Healthy Spring Fruit Salad

Healthy Fruit SaladAre you one of those people that are constantly grabbing a sweet treat in place of fresh fruit?  Are you the same person that claims that preparing fruit is too time consuming?  Well, I may have just the answer . . .

Your best bet is to buy a small variety of several fruits when you are doing your weekly shopping.  Try picking out a selection of colors to make it not only flavorful but appealing to the eye.  Good choices are granny smith apples which are less sweet than regular apples, pears, tangerines, grapefruits, melons (when in season), kiwi and all types of berries.

All fruit should be purchased organic and rinsed well before slicing.  All pieces should be cut uniform in size.  Mix them together in a mixing bowl, add a squeeze of fresh lemon or lime and top with fresh sliced mint or basil or a combination of both.

The orange colored fruit in the photo is a kumquot.  It is a more exotic fruit and a bit hard to come by.  If you see them, I highly suggest you invest in buying a few.  They have a unique and pungent but satisfying flavor.

Enjoy creating your own recipe!

Ilia Regini is a certified healing through food specialist, health supportive chef, culinary instructor, writer, blogger and speaker.  Healthy Nourished Body offers chef service, cooking lessons, healthy kitchen makeovers and customized menu planning for healing through food dietary protocols.

http://www.healthynourishedbody.com

http://www.facebook.com/wellnourishedbody63

e:healthynourishedbody@gmail.com

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Khorasan Flour Crepes with Bosc Pear Filling

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Khorasan Flour Crepes with Bosc Pear Filling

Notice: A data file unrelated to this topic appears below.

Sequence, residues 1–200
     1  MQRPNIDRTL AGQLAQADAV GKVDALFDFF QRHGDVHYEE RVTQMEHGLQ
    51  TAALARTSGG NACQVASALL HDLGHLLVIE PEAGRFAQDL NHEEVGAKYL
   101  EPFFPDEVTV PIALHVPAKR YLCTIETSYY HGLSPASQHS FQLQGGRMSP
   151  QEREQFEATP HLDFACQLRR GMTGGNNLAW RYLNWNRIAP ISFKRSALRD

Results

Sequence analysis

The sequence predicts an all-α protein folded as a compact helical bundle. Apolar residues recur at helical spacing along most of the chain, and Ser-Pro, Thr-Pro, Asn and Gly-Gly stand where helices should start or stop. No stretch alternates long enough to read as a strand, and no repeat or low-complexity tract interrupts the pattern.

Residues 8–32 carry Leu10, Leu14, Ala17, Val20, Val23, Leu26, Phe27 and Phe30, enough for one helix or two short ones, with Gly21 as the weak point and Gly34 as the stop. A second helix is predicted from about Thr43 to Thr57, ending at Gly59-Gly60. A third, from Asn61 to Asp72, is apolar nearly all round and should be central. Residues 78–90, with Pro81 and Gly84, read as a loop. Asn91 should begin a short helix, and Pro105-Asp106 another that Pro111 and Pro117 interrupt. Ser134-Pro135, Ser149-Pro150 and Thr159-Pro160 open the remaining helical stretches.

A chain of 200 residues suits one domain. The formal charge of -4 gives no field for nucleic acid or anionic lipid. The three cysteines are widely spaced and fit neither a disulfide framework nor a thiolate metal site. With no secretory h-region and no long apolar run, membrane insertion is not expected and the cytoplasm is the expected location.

It was Sunday morning and I woke up with a voracious appetite for crepes.  When I was a child, my mom would prepare them frequently on the weekend.  What a treat!  I looked into my freezer (where I keep my flours so they stay fresh) and decided to use Khorasan flour.  If you have celiac disease or have an allergy to wheat, do not use this flour!  It, like its cousin, spelt, is an ancient form of wheat.  Khorasan flour is better known as Kamut flour.  The word Khorasan refers to the area where the wheat is grown in modern day Iran.  Kamut or Khorasan is more easily digested than regular wheat flour.  It grows twice the height of modern day wheat and as a result, contains higher levels of protein, lipids, amino acids and vitamins.  The grain is amber in color and has a rich, nutty flavor.

Please keep in mind that gluten free is not necessarily healthier for everyone.  People who have celiac disease or a wheat allergy do not have a choice.  If they are interested in consuming baked goods, they must consume products that are prepared with a gluten free flour.  If you do not have either of these conditions, you may benefit more (nutritionally speaking) from an ancient form of wheat that is rich in nutrients.

Recipe:  (Serves 2)

Ingredients:

2/3 cup flour of choice

1/2 teaspoon salt

3 pastured eggs

1 1/2 cups milk or milk substitute

1 teaspoon vanilla

1/2 teaspoon ground cardamom

buffalo or goat butter or coconut butter for frying

1 bosc pear thinly sliced

coconut nectar (optional)

Procedure:

In a medium mixing bowl, combine the ingredients and whisk until creamy and blended.

Prepare a small crepe pan with a 1/2 teaspoon of butter of choice.  Heat the butter and tilt the pan so the surface area is coated.  Pour in 1/4 cup batter and tilt the pan until bottom is covered in batter.  Heat on medium and cook until the edges start to form small bubbles.  At this point, using a spatula, try to scoop under the crepe.  If it comes off easily, then flip if over and cook the other side for about a minute longer.  If it does not come off easily, let it stay in the pan until it comes off easily.

Place on a plate.  Insert the slices of pear on one half and cover with the other half of the crepe.   Drizzle a little coconut nectar over the top if you wish.  Enjoy!

Sources:

https://en.wikipedia.org/wiki/Khorasan_wheat